Evangelicals in general, and Baptists in particular, need to develop a theology of recreation and leisure. We really don’t know how to enjoy sports in a way that doesn’t afflict our conscience. For the most part, American Christians approach sporting events–such as the Super Bowl this Sunday–the way many Augustinians approach the physical aspects of the marital relationship. Augustine considered sex (i.e. sex within marriage) to be a necessary evil (Confessions 9.3). The physical relationship within marriage is necessary for the propagation of the human race, and the typical Christian does not have sufficient restraint anyway. Similarly, we suspect that our preoccupation with sports is probably wrong. But, hey, we live in a fallen world and watching the game is such a guilty pleasure.
Then we read the statements of Jesus (“We must do the works of Him who sent Me while it is day. Night is coming when no one can work.” John 9:4) or we read about the exploits of Paul (“In labor and hardship, many sleepless nights, hunger and thirst, often without food, cold, and lacking clothing.” See 2 Cor 11:22-33). We start feeling guilty.
I’m reminded of an incident in the life of the remarkable missionary, C. T. Studd. Studd believed it a sin to take a day off, so he worked 18 hours a day, 7 days a week, 52 weeks a year. His daughter and son-in-law worked for the same mission, and one day they dared to take a day of rest. Studd fired them. (Doreen Moore recounts this incident in Good Christians, Good Husbands?–a book I highly recommend). In a similar vein, evangelist D. L. Moody used to rail against the sin of reading a newspaper on Sunday. I could go on, but suffice it to say that Christians have always struggled to balance our commitment and fervor for serving the kingdom with our body’s and spirit’s need for rest and relaxation.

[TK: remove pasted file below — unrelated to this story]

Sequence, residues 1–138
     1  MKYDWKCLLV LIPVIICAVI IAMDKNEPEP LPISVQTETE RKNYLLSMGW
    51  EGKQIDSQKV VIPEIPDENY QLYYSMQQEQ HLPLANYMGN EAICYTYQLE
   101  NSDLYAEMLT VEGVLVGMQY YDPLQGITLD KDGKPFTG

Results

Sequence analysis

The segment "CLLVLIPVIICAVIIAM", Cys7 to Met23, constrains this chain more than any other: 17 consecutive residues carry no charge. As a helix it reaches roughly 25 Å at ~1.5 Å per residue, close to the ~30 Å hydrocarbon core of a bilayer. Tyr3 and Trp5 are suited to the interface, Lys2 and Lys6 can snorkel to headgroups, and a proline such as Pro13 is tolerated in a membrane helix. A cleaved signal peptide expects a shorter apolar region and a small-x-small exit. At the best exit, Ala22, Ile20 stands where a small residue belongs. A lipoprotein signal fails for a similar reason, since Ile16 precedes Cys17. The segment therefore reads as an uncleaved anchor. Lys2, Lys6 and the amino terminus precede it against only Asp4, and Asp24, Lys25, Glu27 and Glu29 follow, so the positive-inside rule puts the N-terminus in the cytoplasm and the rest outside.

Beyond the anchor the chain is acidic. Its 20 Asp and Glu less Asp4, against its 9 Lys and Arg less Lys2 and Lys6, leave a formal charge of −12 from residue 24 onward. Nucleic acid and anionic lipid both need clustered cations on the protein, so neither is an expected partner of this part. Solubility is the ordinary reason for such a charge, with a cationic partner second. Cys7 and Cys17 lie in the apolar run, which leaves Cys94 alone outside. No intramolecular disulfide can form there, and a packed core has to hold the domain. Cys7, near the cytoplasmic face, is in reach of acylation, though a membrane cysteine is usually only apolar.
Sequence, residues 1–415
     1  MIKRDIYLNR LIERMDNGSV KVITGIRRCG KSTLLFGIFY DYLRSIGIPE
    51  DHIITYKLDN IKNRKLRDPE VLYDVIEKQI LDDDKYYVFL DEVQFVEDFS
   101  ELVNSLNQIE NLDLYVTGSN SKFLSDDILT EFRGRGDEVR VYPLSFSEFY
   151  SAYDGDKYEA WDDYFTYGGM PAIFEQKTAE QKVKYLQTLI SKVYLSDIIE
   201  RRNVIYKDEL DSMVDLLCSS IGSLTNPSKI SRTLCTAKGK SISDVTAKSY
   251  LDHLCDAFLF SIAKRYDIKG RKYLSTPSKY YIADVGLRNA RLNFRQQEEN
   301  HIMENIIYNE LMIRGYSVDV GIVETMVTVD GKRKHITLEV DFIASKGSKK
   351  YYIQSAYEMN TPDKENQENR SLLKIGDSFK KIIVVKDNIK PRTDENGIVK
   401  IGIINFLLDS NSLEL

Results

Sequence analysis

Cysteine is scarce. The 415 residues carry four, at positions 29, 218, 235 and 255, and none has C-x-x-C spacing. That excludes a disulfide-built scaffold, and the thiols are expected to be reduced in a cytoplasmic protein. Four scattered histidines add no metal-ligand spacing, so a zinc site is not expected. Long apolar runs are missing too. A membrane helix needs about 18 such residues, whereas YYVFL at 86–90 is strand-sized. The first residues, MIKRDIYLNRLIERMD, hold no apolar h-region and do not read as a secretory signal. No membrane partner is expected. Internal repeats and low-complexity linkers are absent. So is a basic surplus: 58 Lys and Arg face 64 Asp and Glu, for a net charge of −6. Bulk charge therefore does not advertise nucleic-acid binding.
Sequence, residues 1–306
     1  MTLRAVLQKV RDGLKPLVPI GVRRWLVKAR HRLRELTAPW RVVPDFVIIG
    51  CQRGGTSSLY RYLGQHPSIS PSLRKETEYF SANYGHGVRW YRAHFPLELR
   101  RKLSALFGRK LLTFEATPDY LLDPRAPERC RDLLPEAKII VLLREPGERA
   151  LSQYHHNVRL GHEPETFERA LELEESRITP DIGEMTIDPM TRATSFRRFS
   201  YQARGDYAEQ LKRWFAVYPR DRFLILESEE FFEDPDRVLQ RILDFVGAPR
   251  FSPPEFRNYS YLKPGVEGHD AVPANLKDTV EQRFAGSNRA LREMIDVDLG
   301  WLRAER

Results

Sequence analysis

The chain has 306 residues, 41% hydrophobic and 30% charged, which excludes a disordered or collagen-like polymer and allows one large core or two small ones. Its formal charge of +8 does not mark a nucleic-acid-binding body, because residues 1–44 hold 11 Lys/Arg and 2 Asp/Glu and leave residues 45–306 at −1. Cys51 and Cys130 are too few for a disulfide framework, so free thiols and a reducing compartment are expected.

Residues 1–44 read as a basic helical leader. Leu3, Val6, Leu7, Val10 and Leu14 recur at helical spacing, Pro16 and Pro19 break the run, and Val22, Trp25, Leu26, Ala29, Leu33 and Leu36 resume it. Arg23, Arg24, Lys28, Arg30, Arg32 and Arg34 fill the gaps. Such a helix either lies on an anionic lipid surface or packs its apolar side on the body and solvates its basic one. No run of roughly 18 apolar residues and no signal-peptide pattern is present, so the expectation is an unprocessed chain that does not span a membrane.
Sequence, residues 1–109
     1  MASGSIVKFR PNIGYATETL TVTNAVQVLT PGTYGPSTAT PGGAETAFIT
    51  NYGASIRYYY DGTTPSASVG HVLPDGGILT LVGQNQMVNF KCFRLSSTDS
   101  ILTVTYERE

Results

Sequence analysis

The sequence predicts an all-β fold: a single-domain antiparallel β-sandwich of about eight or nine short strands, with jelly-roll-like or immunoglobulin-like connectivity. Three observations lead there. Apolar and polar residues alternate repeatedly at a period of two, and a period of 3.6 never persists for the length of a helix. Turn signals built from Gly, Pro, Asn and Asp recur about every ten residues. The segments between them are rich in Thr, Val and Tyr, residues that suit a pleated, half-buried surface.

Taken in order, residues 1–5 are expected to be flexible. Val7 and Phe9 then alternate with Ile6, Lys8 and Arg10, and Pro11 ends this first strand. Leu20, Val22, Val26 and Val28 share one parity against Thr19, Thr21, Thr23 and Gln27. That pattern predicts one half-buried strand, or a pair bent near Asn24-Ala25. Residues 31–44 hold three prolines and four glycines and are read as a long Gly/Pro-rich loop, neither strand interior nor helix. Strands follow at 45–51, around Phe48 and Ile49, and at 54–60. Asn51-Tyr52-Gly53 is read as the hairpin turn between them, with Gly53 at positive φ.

Actually, I believe there is a place for leisure in the Christian life. Jesus–our example for life and how it is to be lived–made time for sleep, rest, weddings and good food (Mark 6:31). Somewhere between the extremes of aceticism (“everything is wrong”) and antinomianism (“anything goes”) is the healthly Christian life that enjoys all things in moderation before God. We need to think Christianly about sports and develop a good theology of rest and recreation. We still have some work to do (no pun intended) in developing our thinking about these matters. There is a right way to enjoy sports, games, and fun to the glory of God–even the Super Bowl.
This post is cross-posted at www.theologyforthechurch.com